"Lillian has no boundaries when it comes to supporting others. She is here for every student, family and employee that calls or stops in. She enjoys work so much, that she makes this a truly enjoyable workplace for all of us," one nominator explained. "She has a warm spirit and caring heart of gold…While she prefers to lead from behind, she is the one that everyone flocks to when in need of emotional support, encouragement or motivation."
Nominators also cited Love's efforts to promote a positive image of WMU. "I have witnessed her on the phone with disgruntled parents. She does not get testy or rude, she listens and does everything within her power to change their attitude," a student employee wrote. "Hundreds of people at WMU have been positively affected because of this woman. She has taught us…through example with her humility and grace that life is meant to be lived with loving kindness."
McConnell initially came to WMU through Accountemps and was assigned to the University's accounting services area. He worked there for more than a year before the School of Communication hired him as a full-time office assistant in 2006.
One year later, McConnell joined the Advocacy Office for Transfer Students and Military Affairs as its office associate. Usually the first person military veterans meet in the advocacy office, he does everything from welcoming the students and connecting them with WMU's military affairs advocate to helping build successful military-University programs and plan student events.
"The veteran population on the WMU campus is one of the biggest…and the best...and Eric is who they meet first. He is always positive, always has a smile and is willing to help if he can," one student veteran wrote.
That nominator went on to add that McConnell took on many extra duties in helping the University's Military & Veterans Student Association get started, including gathering items for the association's Toys for Tots drive, fielding questions on the increasingly popular Veterans Day flag run and volunteering during military appreciation hockey night.
"He is always a source of compassion," the student making those comments wrote. "…Eric isn't afraid to take on a task that could help out a vet or to call for help for those in need. He has made an excellent sounding board and is a constant source of encouragement for us."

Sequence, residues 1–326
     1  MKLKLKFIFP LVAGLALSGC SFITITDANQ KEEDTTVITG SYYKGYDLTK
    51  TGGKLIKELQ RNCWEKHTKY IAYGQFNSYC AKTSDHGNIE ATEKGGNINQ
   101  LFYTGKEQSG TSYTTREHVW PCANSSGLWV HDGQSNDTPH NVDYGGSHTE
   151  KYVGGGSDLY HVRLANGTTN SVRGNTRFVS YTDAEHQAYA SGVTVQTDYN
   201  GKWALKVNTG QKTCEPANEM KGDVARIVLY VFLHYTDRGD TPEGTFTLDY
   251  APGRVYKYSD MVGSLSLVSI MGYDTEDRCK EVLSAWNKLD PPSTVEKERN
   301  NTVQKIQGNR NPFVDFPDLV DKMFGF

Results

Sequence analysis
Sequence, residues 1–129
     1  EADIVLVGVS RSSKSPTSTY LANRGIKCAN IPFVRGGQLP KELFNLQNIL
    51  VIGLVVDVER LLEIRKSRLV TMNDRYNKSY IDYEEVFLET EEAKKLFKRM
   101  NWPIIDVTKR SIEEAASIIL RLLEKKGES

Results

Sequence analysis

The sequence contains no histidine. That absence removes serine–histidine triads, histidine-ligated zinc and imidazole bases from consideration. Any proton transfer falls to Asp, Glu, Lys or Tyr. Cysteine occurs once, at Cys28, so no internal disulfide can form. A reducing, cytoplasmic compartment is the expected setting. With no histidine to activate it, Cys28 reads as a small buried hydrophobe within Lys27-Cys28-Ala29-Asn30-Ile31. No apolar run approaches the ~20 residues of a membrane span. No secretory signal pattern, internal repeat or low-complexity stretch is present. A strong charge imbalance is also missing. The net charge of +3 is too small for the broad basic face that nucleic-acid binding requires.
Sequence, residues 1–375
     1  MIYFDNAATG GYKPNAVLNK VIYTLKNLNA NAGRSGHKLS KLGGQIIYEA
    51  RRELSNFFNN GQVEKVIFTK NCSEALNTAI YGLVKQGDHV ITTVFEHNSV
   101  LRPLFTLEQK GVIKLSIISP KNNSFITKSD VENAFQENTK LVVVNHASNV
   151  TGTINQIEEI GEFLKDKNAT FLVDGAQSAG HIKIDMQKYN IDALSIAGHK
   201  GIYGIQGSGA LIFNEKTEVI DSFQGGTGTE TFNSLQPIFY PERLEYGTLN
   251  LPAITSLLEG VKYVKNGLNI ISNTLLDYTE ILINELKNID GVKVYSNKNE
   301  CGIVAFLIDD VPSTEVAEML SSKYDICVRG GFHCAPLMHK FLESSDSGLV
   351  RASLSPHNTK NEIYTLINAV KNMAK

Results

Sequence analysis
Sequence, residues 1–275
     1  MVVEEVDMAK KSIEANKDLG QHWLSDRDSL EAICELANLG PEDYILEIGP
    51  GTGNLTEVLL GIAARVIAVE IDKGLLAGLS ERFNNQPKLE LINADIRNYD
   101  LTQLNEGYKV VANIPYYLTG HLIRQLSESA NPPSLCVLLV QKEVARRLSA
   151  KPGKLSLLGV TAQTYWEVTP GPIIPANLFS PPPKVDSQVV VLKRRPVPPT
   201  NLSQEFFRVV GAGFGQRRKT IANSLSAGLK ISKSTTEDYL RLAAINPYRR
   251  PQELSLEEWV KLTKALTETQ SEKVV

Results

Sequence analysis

Many of McConnell's nominators also referenced the impact his professionalism has had.
"Eric is dependable, professional, respectful and extremely intelligent. His interactions with students, particularly those in crisis, is of the highest quality…The way in which he interacts with faculty, staff and students is top notch," one former co-worker stressed. "He also has the ability to plan, organize, advertise and implement events so they are well attended, well organized and come together smoothly--and he makes it all look easy!"
VanAtter began working as a temporary employee in intercollegiate athletics in 1991 and accepted his current, full-time post in 1994. But he first came to the University as a student, earning a bachelor's degree in physical education in 1992.
As athletic equipment coordinator, VanAtter works with several sports teams but primarily takes care of equipment for the varsity hockey program. He's responsible for getting the team ready for home and road games, ordering equipment, and maintaining and repairing that equipment.
"He is one of the best in the business and does a tremendous job working with the team and takes extremely good care of the visiting teams when they visit WMU," one of those nominating him wrote. "Dion is very budget conscious and works hard to keep the team looking good within budget…He is a tireless worker, extremely proud of how the team looks and is a very positive representative for the University."
Nominators repeatedly mentioned VanAtter's dedication to the military science department Army ROTC, which he has no official ties to but assists on his own time at his own expense. He helps to organize and run those units' events, as well as to procure and maintain their equipment.
"Dion has the ideal attitude that every employer seeks," one of his supporters wrote. "He always places the University's needs ahead of his own. He is passionate about helping people in any way he is able."
Another nominator summed up VanAtter's contributions by writing, "Dion deserves the award not only because he is an awesome Western employee and does great things for the University, but he is also a great member of the Kalamazoo Community. He represents Western very well and he leaves a positive and lasting impression on those he meets."
Media contact: Jeanne Baron, (269) 387-8400, email@example.com